The Barrow County Historical Society held its fall membership dinner inside the Perry-Rainey Center in Auburn on Oct. 21.

The historic 1902 structure, which was originally envisioned as a girls’ dormitory for Perry-Rainey Institute, has been restored and repurposed into an events center by the City of Auburn.

Auburn city administrator Alex Mitchem was the featured speaker and he shared information about the building, what has been and is being discovered about the structure and about the company, R&R Manufacturing, which completed the building into a sewing plant which employed many in the area through the years.

Mitchem said the Perry-Rainey Institute operated for 22 years and “connects Auburn to its strong educational foundation.” Auburn was ahead of its time in bringing higher education to the area with Mulberry High School, Perry-Rainey College (named for two of the leaders in the Mulberry Association of Baptist churches which built a school in 1892-93), Perry-Rainey Institute and Southeastern Christian College.

The Perry-Rainey Center officially opened in August. Auburn mayor Linda Blechinger had led the Auburn City Council in the restoration project and Mitchem, with support from state Rep. Terry England whose mother worked at R&R Manufacturing when it was located in the Perry-Rainey Center building, oversaw the successful effort. Mitchem shared that Rep. England was able to walk to the work station used by his mother during a visit when the markings were still on the wooden floors which have been sanded and beautifully restored. Work remains related to the parking lot and exterior landscaping.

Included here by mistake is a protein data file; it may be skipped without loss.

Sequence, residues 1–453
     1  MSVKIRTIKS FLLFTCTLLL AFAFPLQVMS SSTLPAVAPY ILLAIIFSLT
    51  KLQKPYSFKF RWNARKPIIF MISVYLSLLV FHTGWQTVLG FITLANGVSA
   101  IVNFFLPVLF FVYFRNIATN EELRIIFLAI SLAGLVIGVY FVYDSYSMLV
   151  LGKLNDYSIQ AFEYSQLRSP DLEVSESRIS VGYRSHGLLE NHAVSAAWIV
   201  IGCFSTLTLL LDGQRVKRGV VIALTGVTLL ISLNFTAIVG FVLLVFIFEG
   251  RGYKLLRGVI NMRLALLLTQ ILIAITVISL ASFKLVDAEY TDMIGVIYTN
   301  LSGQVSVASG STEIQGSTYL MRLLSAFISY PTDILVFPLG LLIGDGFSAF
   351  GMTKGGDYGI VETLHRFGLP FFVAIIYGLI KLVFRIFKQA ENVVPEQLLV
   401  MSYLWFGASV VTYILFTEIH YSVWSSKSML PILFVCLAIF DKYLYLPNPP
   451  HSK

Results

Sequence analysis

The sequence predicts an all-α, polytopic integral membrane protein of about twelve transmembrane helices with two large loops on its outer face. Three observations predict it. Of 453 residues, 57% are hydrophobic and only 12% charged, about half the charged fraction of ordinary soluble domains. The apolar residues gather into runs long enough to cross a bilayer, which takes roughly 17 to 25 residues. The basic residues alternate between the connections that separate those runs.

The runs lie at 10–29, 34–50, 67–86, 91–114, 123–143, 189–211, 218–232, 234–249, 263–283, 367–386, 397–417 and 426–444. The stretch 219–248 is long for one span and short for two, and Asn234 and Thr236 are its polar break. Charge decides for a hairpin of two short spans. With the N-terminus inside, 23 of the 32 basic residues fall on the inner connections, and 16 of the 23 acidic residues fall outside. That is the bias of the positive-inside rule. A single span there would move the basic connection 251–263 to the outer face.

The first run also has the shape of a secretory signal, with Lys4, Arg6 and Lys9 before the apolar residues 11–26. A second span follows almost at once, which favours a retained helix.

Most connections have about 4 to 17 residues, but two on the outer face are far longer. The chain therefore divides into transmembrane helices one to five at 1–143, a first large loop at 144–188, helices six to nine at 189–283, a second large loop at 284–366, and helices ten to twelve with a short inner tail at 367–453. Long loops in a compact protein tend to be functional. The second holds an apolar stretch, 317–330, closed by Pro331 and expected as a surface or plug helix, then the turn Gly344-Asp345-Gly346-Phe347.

The Perry-Rainey Center is available for rental. A bridal company and a team of artists are also in the space along with adult education classes through Lanier Technical College.

Carolyn Settle, a historical society member and Jug Tavern Quilters members, presented a yo-yo bed cover for a four-poster bed crafted to raise tuition money for a Perry-Rainey Institute student. Donated to the Barrow County Museum, Settle has desired to see it returned to Auburn. Now with the Auburn Museum being operated 1-4 p.m. on Thursdays, the public can visit and see the yo-yo topper and learn more about the Auburn area. Thelma Biddy, a historical society trustee who is active with the Auburn Museum, accepted the donation on behalf of the Auburn Museum.

Related to R&R Manufacturing, historical society trustee Beth Whitehead presented a pair of men’s dress pants gifted to her son, Clayton Whitehead, by Jean Withers of R&R Manufacturing on the occasion of Clayton’s 1981 graduation from Winder-Barrow High School. She said the pants were likely manufactured in the company’s later facility but she was confident Withers would have given pants made in Auburn. She also presented a book on the Withers family which she received from Angela Withers King as she was a friend and fellow church-goer of the Withers family. The book was written by Jean Withers and published by his family after his death.

The book was accepted by Mitchem and Michelle Walker, assistant to the Auburn mayor, council and administrator.


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